Education minister Angie Motshekga speaks on June exams, adding weekend and night classes to schools

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An earlier start to the school day, evening and weekend classes and scrapping “nonessential” parts of the curriculum in certain subjects.

These are among the “possibilities” the department of basic education is looking into, along with scrapping the June and September school holidays.

Basic education minister Angie Motshekga will make final proposals to a special cabinet meeting scheduled for this week.

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Department spokesperson Elijah Mhlanga said a decision on the June exams that were to have been written by tens of thousands of part-time pupils, as well as progressed pupils who wrote only half their subjects last year, will be announced shortly.

“We were supposed to start printing question papers on April 1 and we have not been able to do that,” he said.

“It’s practically impossible [to have the exams in June]. In terms of the management plan, we have already missed some operational deadlines in terms of logistics, markers, checkers, exam centres.”

He said discussions about this exam took place at a special meeting between the director-general of basic education and the superintendents-general of the provincial education departments on Friday.

“There was a position that was taken but it will still need to be given to the minister.”

He said that one of the options is “switching” these exams to a later date. The minister will make the final decision.

A committee is also looking at whether the writing of the June exams by pupils in grades 1-12 should go ahead or be postponed.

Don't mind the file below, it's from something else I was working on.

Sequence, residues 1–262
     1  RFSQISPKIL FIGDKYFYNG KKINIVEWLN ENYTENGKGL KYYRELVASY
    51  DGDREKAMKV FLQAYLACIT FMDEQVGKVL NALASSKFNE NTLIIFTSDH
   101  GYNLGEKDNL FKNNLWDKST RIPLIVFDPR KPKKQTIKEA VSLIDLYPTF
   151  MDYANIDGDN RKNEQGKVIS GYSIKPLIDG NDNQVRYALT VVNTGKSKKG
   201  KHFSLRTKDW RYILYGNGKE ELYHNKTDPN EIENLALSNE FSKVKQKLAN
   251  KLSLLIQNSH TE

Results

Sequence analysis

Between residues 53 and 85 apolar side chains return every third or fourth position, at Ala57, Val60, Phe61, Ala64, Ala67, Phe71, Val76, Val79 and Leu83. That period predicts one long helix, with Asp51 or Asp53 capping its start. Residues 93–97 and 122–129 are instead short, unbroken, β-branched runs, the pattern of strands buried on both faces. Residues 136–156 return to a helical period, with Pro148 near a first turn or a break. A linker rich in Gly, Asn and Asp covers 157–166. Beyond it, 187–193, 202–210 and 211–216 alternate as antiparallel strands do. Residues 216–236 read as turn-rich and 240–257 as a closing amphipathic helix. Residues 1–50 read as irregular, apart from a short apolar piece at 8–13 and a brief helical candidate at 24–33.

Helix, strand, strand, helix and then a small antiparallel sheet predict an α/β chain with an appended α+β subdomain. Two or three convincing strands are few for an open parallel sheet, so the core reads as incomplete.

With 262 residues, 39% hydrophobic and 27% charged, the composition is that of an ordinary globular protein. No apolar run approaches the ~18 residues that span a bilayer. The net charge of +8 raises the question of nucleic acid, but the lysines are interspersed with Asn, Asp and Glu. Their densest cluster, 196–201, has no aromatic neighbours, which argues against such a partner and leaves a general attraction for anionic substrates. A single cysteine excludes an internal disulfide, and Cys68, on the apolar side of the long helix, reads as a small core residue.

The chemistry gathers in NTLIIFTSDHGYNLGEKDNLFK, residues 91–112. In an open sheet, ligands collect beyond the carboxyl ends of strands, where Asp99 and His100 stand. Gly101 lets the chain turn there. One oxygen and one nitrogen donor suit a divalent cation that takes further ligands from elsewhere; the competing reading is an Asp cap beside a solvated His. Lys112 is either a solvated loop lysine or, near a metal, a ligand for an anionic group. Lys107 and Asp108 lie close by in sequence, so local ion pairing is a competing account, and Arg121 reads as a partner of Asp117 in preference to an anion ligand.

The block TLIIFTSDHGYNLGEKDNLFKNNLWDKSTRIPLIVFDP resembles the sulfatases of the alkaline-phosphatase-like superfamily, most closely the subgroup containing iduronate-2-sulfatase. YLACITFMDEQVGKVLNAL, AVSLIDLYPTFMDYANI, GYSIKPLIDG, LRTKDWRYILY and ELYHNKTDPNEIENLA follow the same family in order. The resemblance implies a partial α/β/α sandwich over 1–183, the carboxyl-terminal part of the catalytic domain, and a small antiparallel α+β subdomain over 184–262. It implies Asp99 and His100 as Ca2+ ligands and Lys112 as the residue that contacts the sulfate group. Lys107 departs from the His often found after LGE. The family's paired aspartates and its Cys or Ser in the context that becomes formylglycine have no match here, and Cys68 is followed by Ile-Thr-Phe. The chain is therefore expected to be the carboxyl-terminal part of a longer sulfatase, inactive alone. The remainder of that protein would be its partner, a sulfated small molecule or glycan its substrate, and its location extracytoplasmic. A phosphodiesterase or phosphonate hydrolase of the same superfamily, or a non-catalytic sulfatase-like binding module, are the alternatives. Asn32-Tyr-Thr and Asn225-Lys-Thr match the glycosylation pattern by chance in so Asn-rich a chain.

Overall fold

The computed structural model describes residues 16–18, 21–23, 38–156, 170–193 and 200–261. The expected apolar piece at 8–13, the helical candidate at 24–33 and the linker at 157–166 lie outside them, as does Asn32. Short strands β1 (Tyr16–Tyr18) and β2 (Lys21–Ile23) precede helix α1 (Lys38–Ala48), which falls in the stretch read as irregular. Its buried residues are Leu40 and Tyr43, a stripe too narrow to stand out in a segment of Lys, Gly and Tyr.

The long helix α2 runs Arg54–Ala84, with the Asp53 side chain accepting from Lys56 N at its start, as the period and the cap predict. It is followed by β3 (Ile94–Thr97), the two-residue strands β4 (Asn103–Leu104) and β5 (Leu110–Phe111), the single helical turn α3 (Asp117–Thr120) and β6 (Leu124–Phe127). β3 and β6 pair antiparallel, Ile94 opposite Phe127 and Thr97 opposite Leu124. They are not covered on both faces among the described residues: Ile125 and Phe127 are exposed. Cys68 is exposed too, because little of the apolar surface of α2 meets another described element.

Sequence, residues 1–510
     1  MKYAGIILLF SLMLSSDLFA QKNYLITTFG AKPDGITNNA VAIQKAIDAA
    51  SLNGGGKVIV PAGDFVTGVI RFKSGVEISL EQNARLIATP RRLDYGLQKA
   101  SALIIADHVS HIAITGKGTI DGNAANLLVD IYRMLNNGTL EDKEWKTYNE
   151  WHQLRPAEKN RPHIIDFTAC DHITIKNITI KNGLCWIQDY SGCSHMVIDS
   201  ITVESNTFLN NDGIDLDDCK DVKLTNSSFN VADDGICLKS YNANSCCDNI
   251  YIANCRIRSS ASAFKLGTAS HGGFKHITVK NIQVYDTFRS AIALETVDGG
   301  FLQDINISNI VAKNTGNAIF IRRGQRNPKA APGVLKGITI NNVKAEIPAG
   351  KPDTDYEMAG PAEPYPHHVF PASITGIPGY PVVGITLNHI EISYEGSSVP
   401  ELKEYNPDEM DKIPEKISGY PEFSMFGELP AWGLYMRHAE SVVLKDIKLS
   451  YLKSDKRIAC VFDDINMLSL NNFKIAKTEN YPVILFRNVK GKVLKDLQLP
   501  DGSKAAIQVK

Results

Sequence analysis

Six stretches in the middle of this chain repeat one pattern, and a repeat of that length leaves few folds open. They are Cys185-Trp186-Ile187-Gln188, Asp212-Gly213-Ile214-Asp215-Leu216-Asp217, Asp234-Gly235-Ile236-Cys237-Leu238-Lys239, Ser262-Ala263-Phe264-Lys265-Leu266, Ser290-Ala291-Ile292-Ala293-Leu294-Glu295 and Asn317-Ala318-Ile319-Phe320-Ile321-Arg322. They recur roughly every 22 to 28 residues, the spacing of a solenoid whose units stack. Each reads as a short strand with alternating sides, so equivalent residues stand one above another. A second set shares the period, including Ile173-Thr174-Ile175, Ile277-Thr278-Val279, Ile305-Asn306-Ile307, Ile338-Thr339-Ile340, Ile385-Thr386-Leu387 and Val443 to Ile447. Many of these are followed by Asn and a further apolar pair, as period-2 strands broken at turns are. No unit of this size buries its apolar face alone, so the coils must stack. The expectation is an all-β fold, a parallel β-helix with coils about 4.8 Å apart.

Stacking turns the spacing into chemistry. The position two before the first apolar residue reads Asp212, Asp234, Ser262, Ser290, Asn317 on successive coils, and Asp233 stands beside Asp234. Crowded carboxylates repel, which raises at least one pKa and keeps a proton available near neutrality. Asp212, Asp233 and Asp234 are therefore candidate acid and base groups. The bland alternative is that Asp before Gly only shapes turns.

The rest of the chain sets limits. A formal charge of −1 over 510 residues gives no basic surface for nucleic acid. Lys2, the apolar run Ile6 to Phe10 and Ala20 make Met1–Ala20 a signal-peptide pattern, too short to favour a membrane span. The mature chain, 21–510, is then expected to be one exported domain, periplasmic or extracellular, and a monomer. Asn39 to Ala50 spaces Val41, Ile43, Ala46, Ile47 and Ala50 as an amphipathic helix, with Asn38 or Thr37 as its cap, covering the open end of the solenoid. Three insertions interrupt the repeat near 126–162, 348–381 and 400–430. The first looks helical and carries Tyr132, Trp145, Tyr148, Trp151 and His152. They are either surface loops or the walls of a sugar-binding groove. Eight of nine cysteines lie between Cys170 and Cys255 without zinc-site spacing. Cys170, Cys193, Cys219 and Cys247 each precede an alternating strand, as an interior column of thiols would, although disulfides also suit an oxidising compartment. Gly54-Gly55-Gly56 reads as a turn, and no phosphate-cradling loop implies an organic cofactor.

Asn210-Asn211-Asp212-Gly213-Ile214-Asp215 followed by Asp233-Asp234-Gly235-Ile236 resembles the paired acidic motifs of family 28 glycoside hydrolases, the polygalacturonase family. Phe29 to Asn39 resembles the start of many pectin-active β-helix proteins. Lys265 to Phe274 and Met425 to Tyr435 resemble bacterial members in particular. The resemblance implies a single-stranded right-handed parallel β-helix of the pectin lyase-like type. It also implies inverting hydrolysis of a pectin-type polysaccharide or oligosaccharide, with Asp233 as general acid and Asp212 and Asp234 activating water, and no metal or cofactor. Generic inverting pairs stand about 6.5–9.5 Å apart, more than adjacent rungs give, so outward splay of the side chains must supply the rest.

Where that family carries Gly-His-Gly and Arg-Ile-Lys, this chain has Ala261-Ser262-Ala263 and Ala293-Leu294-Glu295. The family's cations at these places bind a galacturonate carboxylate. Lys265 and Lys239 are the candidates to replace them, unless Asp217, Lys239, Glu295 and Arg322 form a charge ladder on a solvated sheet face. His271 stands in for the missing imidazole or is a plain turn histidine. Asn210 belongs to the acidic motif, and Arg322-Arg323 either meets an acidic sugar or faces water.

Teacher unions want these exams scrapped.

Pushed on whether the internal June exams will be postponed, Mhlanga said: “The entire school calendar has now shifted, so anything is possible.”

Commenting on the proposal to extend the school day, he said that schools starting at 7.45am could start at 7am.

“The breaks could be shortened. Teachers could teach until the afternoon and maybe learners could go home and come back and lessons could go on into the evening.”

Speaking about the possibility of removing the “non-core” elements of the curriculum in some subjects, he stressed this does not imply “the skipping of the essential elements”.

“This is just a thought. I don’t know whether the committee will propose it or not.”

He referred to the shutdown of schools in Vuwani, Limpopo, during community unrest, saying that the curriculum content had been reviewed to enable pupils to catch up with the loss of teaching time.

“During that time, we looked at the nonessential text in the curriculum that could be skipped without compromising what learners should know. The Vuwani situation could be an option. The people are working today and tomorrow because the plan needs to be finalised.”

Basil Manuel, executive director of the National Professional Teachers Organisation of SA (Naptosa), said the department’s national curriculum and assessment task team was looking at streamlining the curriculum “so that the important things are taught”.

“We did say certain chunks of the curriculum that are not building blocks for next year could be removed from this year’s curriculum. In every curriculum in every subject there are certain things we do which seem to be important for a grade but in fact you don’t refer to them again in later grades.”

The minister was in agreement “that these things need to be looked at”.

“There are people who are saying to us there are some subjects which you can drop to make sure the critical ones happen. If a decision is made to say we are going back and we are going to have three subjects, nobody can be surprised.”

Manuel said their view was that the internal exams for grades 1-12 pupils, including the June matric exams, should be scrapped “because that’s curriculum time and you must be teaching in that time”.

He said Naptosa supported the plan to scrap the holidays or greatly reduce them.

“I don’t believe there’s a single teacher out there who believes we are going back and a few days later we are going to have three weeks’ June holiday,” he said.

Education expert Professor Mary Metcalfe said that because of the time lost, teachers will need to adjust their expectations of what children can learn by the end of the year.

“Parents’ priority must be to keep their children feeling supported and engaged.”


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